Steve Paddison spent about two years rebuilding his Austin 10.
For more than 40 years, Leigh resident Steve Paddison hung on to a 1935 Austin 10 that languished in various sheds, quietly rotting away.
The costs of restoring the four-door saloon were just too prohibitive to contemplate.
But Steve says things changed when a friend lent him an old book – Building and Racing my 750 by P.J. Stephens, published in 1953, which described converting a smaller Austin 7 into a “special”.
The special craze emerged after World War II, when enthusiasts would turn conventional vehicles into sporty roadsters – typically with no roof, no doors, no back seats and featuring lighter, hand-built bodies designed by the owner.
They were perfect for racing, rallies or having fun driving down the beach, though still legal to drive on public roads.
“I thought, ‘What the heck’, why don’t I turn the Austin 10 into a special for a bit of fun,” Steve says.
Steve contacted Vehicle Inspection NZ to find out what modifications were permitted, but says was “led off the beaten track”.
The Vintage Car Club of New Zealand was more helpful – insisting that things such as the motor and radiator must be original but allowing the lowering of the front of the vehicle for more stability, the fitting of twin carburettors, lighter aluminium mudguards, bigger rear tyres and the introduction of a fibreglass body.
Steve says the steel bonnet, floor and firewall of the original car have been retained but the body of the car from the driver’s seat to the boot has been created out of fibreglass. An old china cabinet, which used to belong to Steve’s mother, provided the mahogany for the dash.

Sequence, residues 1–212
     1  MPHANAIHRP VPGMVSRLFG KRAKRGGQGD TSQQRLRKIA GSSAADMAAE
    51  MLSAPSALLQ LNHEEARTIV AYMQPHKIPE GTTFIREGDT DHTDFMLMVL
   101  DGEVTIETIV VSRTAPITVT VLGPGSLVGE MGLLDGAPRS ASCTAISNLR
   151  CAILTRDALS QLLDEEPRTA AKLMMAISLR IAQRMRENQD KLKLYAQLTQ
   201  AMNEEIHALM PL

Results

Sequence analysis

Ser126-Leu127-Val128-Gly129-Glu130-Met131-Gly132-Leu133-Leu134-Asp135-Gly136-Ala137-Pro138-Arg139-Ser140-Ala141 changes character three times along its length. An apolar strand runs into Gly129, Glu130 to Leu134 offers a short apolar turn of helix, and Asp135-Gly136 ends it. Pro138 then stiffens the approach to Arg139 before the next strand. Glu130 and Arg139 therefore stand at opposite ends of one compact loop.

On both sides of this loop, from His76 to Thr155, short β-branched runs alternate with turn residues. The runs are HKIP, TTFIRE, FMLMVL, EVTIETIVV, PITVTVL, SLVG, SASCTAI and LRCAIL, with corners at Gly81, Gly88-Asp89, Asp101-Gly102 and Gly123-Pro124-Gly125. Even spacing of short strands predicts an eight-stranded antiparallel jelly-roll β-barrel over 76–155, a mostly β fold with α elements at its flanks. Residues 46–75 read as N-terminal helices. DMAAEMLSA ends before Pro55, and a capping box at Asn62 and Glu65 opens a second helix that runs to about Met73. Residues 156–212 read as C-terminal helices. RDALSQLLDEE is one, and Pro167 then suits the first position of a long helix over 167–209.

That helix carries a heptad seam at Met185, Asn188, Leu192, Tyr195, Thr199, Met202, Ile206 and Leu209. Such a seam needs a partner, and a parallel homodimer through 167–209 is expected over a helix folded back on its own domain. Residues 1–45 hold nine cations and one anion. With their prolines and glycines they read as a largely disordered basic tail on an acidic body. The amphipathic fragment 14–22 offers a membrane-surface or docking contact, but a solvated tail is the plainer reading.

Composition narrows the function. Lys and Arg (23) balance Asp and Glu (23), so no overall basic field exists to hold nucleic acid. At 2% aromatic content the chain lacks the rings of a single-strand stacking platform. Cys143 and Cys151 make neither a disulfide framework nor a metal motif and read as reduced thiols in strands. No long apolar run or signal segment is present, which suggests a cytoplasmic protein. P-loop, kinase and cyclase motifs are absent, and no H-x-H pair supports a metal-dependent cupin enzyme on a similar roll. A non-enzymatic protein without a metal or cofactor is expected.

Steve says it took about two years to build his special. During that time, he spent plenty of time flicking through vintage car magazines for inspiration.
“I’d plod along and come up with ideas as I went along. Anyone who came along to have a look, I would ask their view on it,” he says.
Steve says constructing the fibreglass body was the trickiest part of the project.
He created a mould by constructing a wooden frame on the back of the car and filling it out with the kind of polystyrene foam used in surfboards. The fibreglass was glued on to the frame with the help of a boat builder friend.
“You don’t need a lot of equipment, you just need a lot of time and be fussy about it,” Steve says.
Steve raced the car at the Vintage Car Club’s Manunui Coastal Hill Climb in Pakiri back in February and although it ended up way down the field, it was among the minority of cars that managed to complete the course of events.
“There were a lot of faster cars. It’s only a little 10 horsepower Austin,” he says.
Steve estimates the car has a top speed of 70mph but only if the engine is “absolutely screaming”.
He says the car turns heads wherever it goes and its next big outing, assuming fine weather, will be at the Daffodil Rally for Cancer on Sunday, August 30.